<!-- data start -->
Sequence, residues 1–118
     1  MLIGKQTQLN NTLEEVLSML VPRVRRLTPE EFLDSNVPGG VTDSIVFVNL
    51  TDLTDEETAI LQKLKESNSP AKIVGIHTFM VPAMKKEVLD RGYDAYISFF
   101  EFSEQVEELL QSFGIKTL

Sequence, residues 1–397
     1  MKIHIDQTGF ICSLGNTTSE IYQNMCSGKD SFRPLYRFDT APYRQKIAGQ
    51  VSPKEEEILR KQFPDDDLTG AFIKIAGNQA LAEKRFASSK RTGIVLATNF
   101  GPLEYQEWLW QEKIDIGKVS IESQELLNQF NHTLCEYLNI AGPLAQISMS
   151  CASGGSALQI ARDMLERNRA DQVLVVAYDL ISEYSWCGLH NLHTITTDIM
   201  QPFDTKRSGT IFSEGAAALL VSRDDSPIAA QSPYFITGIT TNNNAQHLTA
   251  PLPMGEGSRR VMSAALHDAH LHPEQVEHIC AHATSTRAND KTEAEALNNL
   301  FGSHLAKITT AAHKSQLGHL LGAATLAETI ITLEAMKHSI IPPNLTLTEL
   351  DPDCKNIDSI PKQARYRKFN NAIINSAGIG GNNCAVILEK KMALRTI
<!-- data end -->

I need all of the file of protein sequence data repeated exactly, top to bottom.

Sequence, residues 1–118
     1  MLIGKQTQLN NTLEEVLSML VPRVRRLTPE EFLDSNVPGG VTDSIVFVNL
    51  TDLTDEETAI LQKLKESNSP AKIVGIHTFM VPAMKKEVLD RGYDAYISFF
   101  EFSEQVEELL QSFGIKTL

Sequence, residues 1–397
     1  MKIHIDQTGF ICSLGNTTSE IYQNMCSGKD SFRPLYRFDT APYRQKIAGQ
    51  VSPKEEEILR KQFPDDDLTG AFIKIAGNQA LAEKRFASSK RTGIVLATNF
   101  GPLEYQEWLW QEKIDIGKVS IESQELLNQF NHTLCEYLNI AGPLAQISMS
   151  CASGGSALQI ARDMLERNRA DQVLVVAYDL ISEYSWCGLH NLHTITTDIM
   201  QPFDTKRSGT IFSEGAAALL VSRDDSPIAA QSPYFITGIT TNNNAQHLTA
   251  PLPMGEGSRR VMSAALHDAH LHPEQVEHIC AHATSTRAND KTEAEALNNL
   301  FGSHLAKITT AAHKSQLGHL LGAATLAETI ITLEAMKHSI IPPNLTLTEL
   351  DPDCKNIDSI PKQARYRKFN NAIINSAGIG GNNCAVILEK KMALRTI